For this, commission'd, I forsook the sky,
Nay, cease to kneel—thy fellow-servant I.
“Then know the truth of government divine, And let these scruples be no longer thine.
'The Maker justly claims that world he made,
In this the right of Providence is laid ;
Its sacred majesty through all depends
On using second means to work his ends :
'Tis thus, withdrawn in state from human eye,
The power exerts his attributes on high,
Your actions uses, nor controls your will,
And bids the doubting sons of men be still.
"What strange events can strike with more surprise,
Than those which lately struck thy wondering eyes ?
Yet taught by these, confess th’ Almighty just,
And where you can't unriddle, learn to trust!
‘The great vain man, who far'd on costly food, Whose life was too luxurious to be good ; Who made his ivory stands with goblets shine, And forc'd his guests to morning draughts of wine,
Has, with the cup, the graceless custom lost,
And still he welcomes, but with less of cost.
‘The mean, suspicious wretch, whose bolted door
Ne'er mov'd in duty to the wandering poor ;
With him I left the cup, to teach his mind
That heaven can bless, if mortals will be kind.
Conscious of wanting worth, he views the bowl,
And feels compassion touch his grateful soul.
Thus artists melt the sullen ore of lead,
With heaping coals of fire upon its head ;
In the kind warmth the metal learns to glow,
And loose from dross, the silver runs below.
'Long had our pious friend in virtue trod, But now the child half-wean'd his heart from God; Child of his age, for him he liv'd in pain, And measur'd back his steps to earth again. To what excesses had this dotage run ! But God, to save the father, took the son. To all but thee, in fits he seem'd to go, And 'twas my ministry to deal the blow. The poor fond parent, humbled in the dust, Now owns in tears the punishment was just.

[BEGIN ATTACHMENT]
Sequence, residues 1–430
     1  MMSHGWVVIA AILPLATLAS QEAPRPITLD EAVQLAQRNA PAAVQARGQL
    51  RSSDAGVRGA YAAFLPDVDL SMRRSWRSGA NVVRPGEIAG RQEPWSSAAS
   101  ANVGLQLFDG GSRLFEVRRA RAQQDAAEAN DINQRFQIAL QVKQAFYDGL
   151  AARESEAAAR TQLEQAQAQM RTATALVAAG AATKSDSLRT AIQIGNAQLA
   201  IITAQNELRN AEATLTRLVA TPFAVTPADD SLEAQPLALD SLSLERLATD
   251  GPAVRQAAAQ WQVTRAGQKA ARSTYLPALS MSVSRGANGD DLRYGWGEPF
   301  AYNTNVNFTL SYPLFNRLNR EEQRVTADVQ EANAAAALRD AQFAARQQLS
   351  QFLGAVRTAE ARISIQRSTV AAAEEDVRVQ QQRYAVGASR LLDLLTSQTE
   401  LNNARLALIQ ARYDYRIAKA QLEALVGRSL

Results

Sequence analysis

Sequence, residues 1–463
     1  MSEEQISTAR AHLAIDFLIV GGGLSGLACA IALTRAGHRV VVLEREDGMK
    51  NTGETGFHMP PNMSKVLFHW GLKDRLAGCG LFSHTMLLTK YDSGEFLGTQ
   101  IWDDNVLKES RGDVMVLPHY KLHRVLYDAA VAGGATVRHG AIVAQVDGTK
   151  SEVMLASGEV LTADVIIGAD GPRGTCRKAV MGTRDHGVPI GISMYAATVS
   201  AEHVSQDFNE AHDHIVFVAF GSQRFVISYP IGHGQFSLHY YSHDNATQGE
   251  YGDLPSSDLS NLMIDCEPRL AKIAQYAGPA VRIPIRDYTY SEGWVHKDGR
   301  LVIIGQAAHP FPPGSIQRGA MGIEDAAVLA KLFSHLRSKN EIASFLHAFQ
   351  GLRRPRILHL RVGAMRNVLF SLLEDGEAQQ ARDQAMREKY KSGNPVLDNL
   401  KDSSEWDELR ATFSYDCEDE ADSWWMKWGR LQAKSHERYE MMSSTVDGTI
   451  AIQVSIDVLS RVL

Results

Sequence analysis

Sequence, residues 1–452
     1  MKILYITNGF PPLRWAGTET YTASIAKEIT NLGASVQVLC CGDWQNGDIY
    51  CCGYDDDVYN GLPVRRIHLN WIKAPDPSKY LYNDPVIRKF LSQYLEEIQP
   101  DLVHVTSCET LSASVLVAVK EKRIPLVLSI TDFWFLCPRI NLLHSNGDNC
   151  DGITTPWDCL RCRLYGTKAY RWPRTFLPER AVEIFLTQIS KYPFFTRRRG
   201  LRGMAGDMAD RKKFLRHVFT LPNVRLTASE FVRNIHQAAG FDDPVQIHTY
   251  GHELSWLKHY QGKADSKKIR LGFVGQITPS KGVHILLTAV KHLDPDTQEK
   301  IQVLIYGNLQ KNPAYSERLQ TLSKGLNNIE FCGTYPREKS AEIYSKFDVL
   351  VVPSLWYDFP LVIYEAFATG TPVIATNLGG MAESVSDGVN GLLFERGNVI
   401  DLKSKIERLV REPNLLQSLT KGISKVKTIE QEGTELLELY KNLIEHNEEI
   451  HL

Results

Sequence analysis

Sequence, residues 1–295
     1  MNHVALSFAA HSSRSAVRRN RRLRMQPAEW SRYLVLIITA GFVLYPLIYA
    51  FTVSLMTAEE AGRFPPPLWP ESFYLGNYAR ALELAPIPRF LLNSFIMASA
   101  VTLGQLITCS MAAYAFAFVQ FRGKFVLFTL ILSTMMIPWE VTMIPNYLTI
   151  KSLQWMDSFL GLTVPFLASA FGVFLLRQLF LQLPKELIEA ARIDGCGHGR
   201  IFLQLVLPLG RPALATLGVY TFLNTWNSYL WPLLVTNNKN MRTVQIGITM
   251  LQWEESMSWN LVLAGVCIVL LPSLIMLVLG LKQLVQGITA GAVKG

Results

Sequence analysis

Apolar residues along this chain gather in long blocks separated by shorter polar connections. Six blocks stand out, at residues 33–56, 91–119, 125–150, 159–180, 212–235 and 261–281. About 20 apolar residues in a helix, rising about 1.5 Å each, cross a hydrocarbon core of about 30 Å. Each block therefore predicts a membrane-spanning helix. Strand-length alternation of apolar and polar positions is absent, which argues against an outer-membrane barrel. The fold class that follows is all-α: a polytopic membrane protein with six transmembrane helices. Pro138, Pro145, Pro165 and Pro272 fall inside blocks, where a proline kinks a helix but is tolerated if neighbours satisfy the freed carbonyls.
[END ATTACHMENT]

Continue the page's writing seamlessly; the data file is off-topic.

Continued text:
'But how had all his fortune felt a wrack, Had that false servant sped in safety back ! This night his treasur'd heaps he meant to steal, And what a fund of charity would fail !
"Thus Heaven instructs thy mind : this trial o'er, Depart in peace, resign, and sin no more.'
On sounding pinions here the youth withdrew,
The sage stood wondering as the seraph flew.
Thus look'd Elisha, when, to mount on high,
His master took the chariot of the sky;
The fiery pomp ascending left the view ;
The prophet gaz'd, and wish'd to follow too.
The bending hermit here a prayer begun,
'Lord ! as in heaven, on earth thy will be done!'
Then gladly turning, sought his ancient place,
And pass'd a life of piety and peace.
[JOHN GAY was born near Barnstaple in 1688. Fairly educated, he began life in London as a silk-mercer; but soon relinquished that occupation for literature. His first poem was Rural Sports, a Georgic 'inscribed to Mr. Pope,' 1713. In the following year he produced The Shepherd's Week, a set of six pastorals. His principal remaining works are the farce of The What-d'ye Call-it, 1715; the mock-heroic poem of Trivia, or the Art of Walking the Streets of London, 1716; Fables, 1726–38; and the famous Beggar's Opera, 1728. His Poems on Several Occasions, including the pastoral tragedy of Dione, were published in 1720. He was also concerned in, and bore the blame of, the unlucky comedy of Three Hours after Marriage, to which Pope and Arbuthnot had largely contributed. He died in London in December, 1732.]
Gay appears to have been one of those easy-tempered, indolent, irresponsible good-creatures, whose lot in this world would probably be either pitiful or tragic, if a beneficent Fate did not provide them with charitable friends who watch over them with almost parental solicitude. Pope, Swift, Arbuthnot, Bolingbroke, seem to have cherished a genuine affection for him ; and in later life the Duke and Duchess of Queensbury received him into their house, and took care both of the helpless poet and his money. His first poem, Rural Sports, though it contains some happy descriptive passages, is of the 'toujours bien, jamais mieux' order of performance. Its dedication, however, procured him the acquaintance of Pope. The Shepherd's Week, his next effort, was in fact suggested by Pope, who, fresh from his covert attack in the Guardian (Monday, April 27, 1713) on the sham pastoral of Ambrose Philips, foresaw what powerful assistance Gay's observant humour and knowledge of the country would furnish to his
The rustic life was to be depicted with the gilt off, and the right simple Eclogue'essayed 'after the true ancient guise